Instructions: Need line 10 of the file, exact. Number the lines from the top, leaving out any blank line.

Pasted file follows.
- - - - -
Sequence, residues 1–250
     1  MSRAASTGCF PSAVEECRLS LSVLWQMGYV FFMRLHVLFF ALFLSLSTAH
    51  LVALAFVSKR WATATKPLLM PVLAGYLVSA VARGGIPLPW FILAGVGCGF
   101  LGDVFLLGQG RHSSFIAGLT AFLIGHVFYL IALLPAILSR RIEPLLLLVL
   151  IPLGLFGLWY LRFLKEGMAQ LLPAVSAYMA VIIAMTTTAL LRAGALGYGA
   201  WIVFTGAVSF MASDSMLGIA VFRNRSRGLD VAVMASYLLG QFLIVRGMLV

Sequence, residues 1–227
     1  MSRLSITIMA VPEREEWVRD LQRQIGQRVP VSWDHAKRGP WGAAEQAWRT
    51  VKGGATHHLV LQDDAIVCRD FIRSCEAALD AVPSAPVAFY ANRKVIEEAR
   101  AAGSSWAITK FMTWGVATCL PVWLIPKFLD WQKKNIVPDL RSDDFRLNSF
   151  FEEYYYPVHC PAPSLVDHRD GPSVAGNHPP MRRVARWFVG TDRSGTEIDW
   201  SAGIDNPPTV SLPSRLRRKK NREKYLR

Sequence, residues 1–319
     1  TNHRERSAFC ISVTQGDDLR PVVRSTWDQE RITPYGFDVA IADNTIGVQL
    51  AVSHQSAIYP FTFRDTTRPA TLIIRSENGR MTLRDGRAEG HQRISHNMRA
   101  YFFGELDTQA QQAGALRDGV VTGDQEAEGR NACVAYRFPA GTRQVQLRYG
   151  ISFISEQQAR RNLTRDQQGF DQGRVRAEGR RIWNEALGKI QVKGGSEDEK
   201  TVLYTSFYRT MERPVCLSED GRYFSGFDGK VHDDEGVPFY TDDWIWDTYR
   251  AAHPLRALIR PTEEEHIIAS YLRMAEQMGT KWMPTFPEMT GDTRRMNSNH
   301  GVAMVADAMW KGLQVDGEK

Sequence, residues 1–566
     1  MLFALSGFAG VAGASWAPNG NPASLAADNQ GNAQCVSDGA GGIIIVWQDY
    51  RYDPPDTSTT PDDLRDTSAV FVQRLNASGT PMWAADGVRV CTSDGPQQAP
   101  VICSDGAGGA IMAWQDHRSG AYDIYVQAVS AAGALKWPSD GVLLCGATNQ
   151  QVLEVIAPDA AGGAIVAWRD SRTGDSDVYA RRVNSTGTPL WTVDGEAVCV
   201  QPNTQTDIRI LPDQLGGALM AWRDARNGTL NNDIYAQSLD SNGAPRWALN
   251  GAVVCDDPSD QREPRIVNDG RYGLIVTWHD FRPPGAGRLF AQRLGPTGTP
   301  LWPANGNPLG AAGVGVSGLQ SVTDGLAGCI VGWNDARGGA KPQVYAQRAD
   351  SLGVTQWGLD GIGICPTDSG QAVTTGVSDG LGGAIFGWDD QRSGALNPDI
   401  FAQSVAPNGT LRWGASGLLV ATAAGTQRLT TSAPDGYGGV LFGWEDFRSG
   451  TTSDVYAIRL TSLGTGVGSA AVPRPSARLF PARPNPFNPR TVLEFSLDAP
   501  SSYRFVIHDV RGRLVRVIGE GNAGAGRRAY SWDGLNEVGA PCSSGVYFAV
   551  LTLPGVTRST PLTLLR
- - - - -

   101  AAGSSWAITK FMTWGVATCL PVWLIPKFLD WQKKNIVPDL RSDDFRLNSF